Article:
The Health Benefits of Aquatic Therapy
Humans have for a long time appreciated the soothing and supportive benefits of water. For people with injuries or mobility problems, getting in the pool with an experienced physical therapist can help improve movement and promote healing.
Aquatic therapy is a form of physical therapy which offers a wide range of health benefits and one which is becoming increasingly popular. Many physical therapists throughout the world today have additional qualifications for delivering this kind of therapy to a patients suffering from a range of medical conditions.
What is Aquatic Therapy?
Aquatic therapy involves a series of treatments and exercises that are performed in water, typically in a swimming pool. These activities can be used for relaxation, physical therapy and rehabilitation. It’s a form of therapy that is often suggested for older adults as a way of improving mobility and coordination through exercise.
Individuals who have suffered an injury, are recovering from a stroke, have been in an accident or have issues such as chronic back pain can also benefit from this type of exercise. Aquatic therapy can be carried out on a one to one basis or in a class with several participants.
A Brief History of Aquatic Therapy
In Ancient Greece and Rome, people regularly bathed in hot springs to relax and improve circulation. Throughout the ages, water has widely been used in various therapies.
Monks in Switzerland, for instance, used local thermal pools to treat sick and disabled individuals. In the USA, President Roosevelt used water therapy to help improve his polio symptoms.
Over the years, aquatic therapy has become more and more mainstream and is generally delivered by a qualified physical therapist.
What are the Main Benefits of Aquatic Therapy?
The main benefit of aquatic therapy is the support that it provides for the individual. It reduces the force on the joints and can make doing simple physical therapy exercises easier.
It can, for example, be helpful for someone after surgery allowing them to start moving the joints or muscles that have been affected. Simply standing in the water up to waist height can reduce the weight on the body by some 50%.
- Participants can benefit from natural resistance that makes the muscles work a little harder without being high impact.
- In ageing adults with mobility issues, for example, it can gently increase muscle strength and coordination without the risk of falling during exercise.
- Aquatic therapy can also improve aerobic capacity depending on the type of exercise and the water will also reduce stress and boost relaxation.
For those who have joint issues or are recovering from an accident or injury where there is a lot of discomfort, aquatic therapy allows the physical therapist to manipulate key areas with reduced levels of pain.
Conditions That Can be Helped by Aquatic Therapy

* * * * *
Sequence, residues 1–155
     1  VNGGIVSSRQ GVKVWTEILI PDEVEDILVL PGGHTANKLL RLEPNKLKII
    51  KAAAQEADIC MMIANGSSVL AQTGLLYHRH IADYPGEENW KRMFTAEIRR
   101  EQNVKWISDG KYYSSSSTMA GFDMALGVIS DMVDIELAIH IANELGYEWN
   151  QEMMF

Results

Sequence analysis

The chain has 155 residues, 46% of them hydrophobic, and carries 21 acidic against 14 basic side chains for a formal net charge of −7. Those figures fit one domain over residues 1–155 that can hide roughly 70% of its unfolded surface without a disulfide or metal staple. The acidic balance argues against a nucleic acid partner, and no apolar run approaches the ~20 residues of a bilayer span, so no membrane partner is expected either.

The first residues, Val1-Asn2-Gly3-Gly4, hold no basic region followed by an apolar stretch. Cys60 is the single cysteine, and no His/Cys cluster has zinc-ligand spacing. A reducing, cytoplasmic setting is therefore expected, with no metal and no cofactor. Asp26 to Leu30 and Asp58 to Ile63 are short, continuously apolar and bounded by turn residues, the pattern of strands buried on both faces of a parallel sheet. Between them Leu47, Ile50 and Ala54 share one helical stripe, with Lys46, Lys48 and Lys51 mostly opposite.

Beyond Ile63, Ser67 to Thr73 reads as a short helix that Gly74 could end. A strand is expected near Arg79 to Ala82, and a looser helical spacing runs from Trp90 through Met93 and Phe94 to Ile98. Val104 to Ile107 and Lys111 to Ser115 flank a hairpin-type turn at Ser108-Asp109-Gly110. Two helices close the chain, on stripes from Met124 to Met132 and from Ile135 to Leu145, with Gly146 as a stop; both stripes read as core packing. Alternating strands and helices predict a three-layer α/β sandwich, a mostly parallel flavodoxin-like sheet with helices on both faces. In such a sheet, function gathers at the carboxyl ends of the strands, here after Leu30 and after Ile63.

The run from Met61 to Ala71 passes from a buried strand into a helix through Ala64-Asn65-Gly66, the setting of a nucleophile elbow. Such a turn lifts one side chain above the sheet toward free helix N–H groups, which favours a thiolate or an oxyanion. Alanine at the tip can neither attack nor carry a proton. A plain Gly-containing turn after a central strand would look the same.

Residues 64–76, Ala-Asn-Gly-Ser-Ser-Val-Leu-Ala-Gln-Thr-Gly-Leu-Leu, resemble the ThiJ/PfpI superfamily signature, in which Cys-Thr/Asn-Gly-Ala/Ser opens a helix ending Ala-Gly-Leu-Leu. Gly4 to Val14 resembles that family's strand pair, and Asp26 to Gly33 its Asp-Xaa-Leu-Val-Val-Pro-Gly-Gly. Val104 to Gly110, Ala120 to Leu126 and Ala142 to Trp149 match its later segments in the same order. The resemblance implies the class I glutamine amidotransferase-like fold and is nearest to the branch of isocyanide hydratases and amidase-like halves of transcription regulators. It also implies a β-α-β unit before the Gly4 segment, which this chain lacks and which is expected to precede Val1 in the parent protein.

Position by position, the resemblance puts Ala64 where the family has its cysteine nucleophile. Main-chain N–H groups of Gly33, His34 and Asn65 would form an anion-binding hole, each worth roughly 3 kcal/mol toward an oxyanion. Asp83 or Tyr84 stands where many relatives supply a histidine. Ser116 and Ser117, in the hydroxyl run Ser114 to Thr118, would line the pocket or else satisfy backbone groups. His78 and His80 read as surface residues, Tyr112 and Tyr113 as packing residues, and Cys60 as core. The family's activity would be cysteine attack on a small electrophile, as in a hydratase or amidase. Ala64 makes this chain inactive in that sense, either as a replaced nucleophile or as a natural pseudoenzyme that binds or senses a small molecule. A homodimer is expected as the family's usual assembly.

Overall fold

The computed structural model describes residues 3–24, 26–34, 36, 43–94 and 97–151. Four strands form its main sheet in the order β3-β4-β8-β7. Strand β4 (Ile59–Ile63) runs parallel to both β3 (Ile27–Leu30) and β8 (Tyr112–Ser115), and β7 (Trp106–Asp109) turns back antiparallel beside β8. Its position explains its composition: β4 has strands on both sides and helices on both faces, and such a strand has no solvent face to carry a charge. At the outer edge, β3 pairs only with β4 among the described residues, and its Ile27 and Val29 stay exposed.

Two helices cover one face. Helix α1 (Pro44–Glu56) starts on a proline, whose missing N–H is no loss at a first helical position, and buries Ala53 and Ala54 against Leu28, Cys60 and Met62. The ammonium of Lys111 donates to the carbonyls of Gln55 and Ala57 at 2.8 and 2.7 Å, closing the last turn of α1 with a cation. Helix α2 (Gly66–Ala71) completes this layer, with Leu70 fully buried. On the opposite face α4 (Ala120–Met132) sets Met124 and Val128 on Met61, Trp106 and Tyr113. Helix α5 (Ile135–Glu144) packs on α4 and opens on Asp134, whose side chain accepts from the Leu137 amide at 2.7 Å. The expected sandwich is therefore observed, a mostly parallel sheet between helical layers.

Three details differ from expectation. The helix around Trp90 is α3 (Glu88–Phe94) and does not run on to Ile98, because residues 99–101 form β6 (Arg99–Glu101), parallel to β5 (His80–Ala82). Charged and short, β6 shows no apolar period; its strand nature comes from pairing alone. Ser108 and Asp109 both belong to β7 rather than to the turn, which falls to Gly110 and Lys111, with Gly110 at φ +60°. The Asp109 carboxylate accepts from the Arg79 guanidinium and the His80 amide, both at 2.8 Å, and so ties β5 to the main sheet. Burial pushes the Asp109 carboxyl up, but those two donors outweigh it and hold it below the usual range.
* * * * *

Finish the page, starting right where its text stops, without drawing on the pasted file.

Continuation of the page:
Aquatic therapy is often used in rehabilitation for those who have undergone surgery or have issues such as chronic back pain. Older people can undergo exercise regimes safely in water to improve mobility and stability.
- It’s also used to improve conditions related to the joints such as scoliosis, arthritis and bursitis.
- Patients with specific conditions such as cerebral palsy and Parkinson’s disease can also benefit from aquatic therapy.
The therapy has also proved useful in combatting various mental health problems such as depression and anxiety because of the relaxing nature of the water.
What Can I Expect During an Aquatic Therapy Session?
Aquatic therapy is usually carried out in a swimming pool and participants will need to wear a swimsuit. No other equipment is usually required. The type of session that is undertaken by the physical therapist will depend on who is being treated.
- Patients with serious injuries will have a one to one session and often the therapist will be in the water with them providing additional support.
- Aqua jogging, where the individual wears a floatation belt and runs in the water, is often used for athletes recovering from injury as well as those who are obese and unable to exercise on land.
- Group sessions are not uncommon in aquatic therapy and there are a variety of approaches. Ai Chi, for example, is a form of water exercise that is based on the traditional T’ai Chi.
- Another type of therapy utilizes ring-shaped flotation devices that the individual can use for support and which helps them move across the water.
In all cases, the physical therapist will work with the individual and learn their limitations and abilities so the session can be tailored to their needs and what needs to be achieved.
Circumstances Where Aquatic Therapy is Not Suitable
- If the patient is unable to swim, the physical therapist needs to be informed so that they can offer more assistance if needed. There are some circumstances, however, where aquatic therapy may not be appropriate, for example, if someone has a fear of water.
- If the patient has a heart condition, COPD or other respiratory issues, this kind of therapy can be extremely challenging without specialist support.
- If the patient has a high fever, is susceptible to seizures or has a Hepatitis A, water therapy may not be suitable.